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Alex is also a client, but not a therapist. He has started attending a local meeting of Adult Children of Alcoholics. In the California city where she goes to college, she is a radical feminist; on visits to her Midwestern home town she is a nice, sweet, square, conservative girl. The therapist asks her when she feels most like herself.

Understanding Self And Others In The Postmodern World hardcover

All these people are shoppers in the great marketplace of realities that the contemporary, Western world has become; here a religion, there an ideology, over there a lifestyle. They, and millions like them, browse among a vast array of possibilities and in the process change not only their believes but their beliefs about belief-their ideas about what truth is and where it is found. Some enjoy the freedom that can be found in this, some try to escape from the freedoms and some are nearly destroyed by it.

Meanwhile, new products keep arriving at the marketplace.

Postmodernism and modern philosophy

Without quite noticing it, we have moved into a new world, one created by the cumulative effect of pluralism, democracy, religious freedom, consumerism, mobility and increasing access to news and entertainment. A new social consciousness is emerging in this new world and touching the lives of all kinds of people who are not the least bit interested in having a new kind of social consciousness.

We are all being forced to see that there are many beliefs, multiple realities, an exhilarating but daunting profusion of worldviews to fit every taste. We can choose among these, but we cannot choose not to make choices. Prophets of modernism used to predict that, with progress, old beliefs would simply wither away.

Some contemporary prophets of neo-primitivism, fresh from a weekend of shamanistic drum beating, actually express their hope that the old beliefs will triumph and the modern ones will disappear. What does seem to be happening is that belief itself is changing.

Introducing Post-postmodern Missiology

People do not so much believe as have beliefs. Look back over the brief anecdotes above—the stories of Jerry and Alec and Beverly—and you can see them moving through different belief systems, cultures, lifestyles, inhabiting them in rather tentative ways. They underlie family conflicts and identity crises; they generate deep uncertainties about what—if anything—is real. The shopping is playful for some, deadly serious for others.

People sample from the postmodern smorgasbord of belief systems looking for The Truth and hope it will help them to discover their own True Selves.

Love and Anxiety in the Early Postmodern World of Margaret Atwood’s Dancing Girls

Confused by the staggering variety of beliefs from which they may choose, clients come to therapy hoping for some sure guidelines. But frequently the therapist is as confused as they are. The premodern mind, whatever its pains and sorrows, saw itself mirrored in every detail of its world. There were psychic anchors everywhere in the myths that explained the cosmos, in the environment of signs, symbols, and metaphors that gave form to thought; in the rituals and customs that shaped decisions and action; in the social organization that assigned to every person a clear role and reason for being.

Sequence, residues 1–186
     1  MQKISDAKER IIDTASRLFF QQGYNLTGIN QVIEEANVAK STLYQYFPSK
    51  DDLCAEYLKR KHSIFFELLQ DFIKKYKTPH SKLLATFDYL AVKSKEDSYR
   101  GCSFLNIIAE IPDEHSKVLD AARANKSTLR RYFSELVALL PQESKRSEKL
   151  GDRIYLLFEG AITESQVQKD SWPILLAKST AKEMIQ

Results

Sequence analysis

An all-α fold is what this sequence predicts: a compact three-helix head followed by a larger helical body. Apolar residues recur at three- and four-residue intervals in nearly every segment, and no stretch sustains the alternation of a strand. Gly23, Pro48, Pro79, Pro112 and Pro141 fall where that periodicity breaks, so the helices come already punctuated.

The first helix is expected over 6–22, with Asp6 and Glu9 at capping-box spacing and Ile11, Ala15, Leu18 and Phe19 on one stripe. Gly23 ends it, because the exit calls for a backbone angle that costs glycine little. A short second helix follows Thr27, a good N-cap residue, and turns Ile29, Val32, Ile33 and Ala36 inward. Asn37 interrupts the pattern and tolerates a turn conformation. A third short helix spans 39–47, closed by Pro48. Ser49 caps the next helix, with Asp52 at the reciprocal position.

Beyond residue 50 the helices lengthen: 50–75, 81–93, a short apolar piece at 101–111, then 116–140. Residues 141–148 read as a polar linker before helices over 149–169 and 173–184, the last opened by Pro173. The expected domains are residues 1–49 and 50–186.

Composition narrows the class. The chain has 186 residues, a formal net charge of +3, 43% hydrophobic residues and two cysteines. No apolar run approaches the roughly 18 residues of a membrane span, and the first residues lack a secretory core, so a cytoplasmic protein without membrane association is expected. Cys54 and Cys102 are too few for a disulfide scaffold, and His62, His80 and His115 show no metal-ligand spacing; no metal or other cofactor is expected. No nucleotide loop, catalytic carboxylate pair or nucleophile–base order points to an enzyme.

It is quite impossible for the contemporary mind, no matter how strong the romantic tug in that direction to return to such a pre-modern consciousness. We can playfully explore primitive ritual and art, but we do it with a 20th-century awareness of other rituals, other art forms, other ways of being. Nor can we ever truly understand what it was like to live in a world in which people did not have to choose what to believe—indeed, could not choose—what to hold valuable, how to be. As long as there was limited contact with outside influences bringing different realities, premodern societies remained stable, some persisted relatively unchanged for thousands of years and produced generation after generation of individuals congruent with their cultures.

Modern civilizations formed larger and more complex social structures, usually containing people of different cultural heritages. Increasing mobility and urbanization put more and more people in proximity to others with different beliefs and cultural traditions.

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Issues of pluralism began to invade daily life, and modern civilizations invented all kinds of rules and arrangements—civil rights, separation of church and state, ghettoes, apartheid—for managing difference. Religion, values and worldview ceased to be integral parts of the social environment and became matters of individual choice and conflict. Most people formed allegiances to some sort of institutionalized belief system, such as a religion or political ideology, which served as their primary definer of reality. Belief systems battled one another, and a great intellectual movement—the Enlightenment-attempted to establish a new universality based on reason.

In the Western world, the modernizing process also brought increasing individualism. The person became the chief container of value, replacing the premodern sense of self as part of a unified whole that extended from individual to community to cosmos. Autonomy and freedom became vital issues in the lives of individual and societies. There was a paradoxical catch to this. In order to qualify as an autonomous, modern individual, you had to adjust to the norms of modern civilization, and this meant taming some of the wild energies that had been allowed to run free in emotionally laden rituals and ceremonies of premodern civilizations.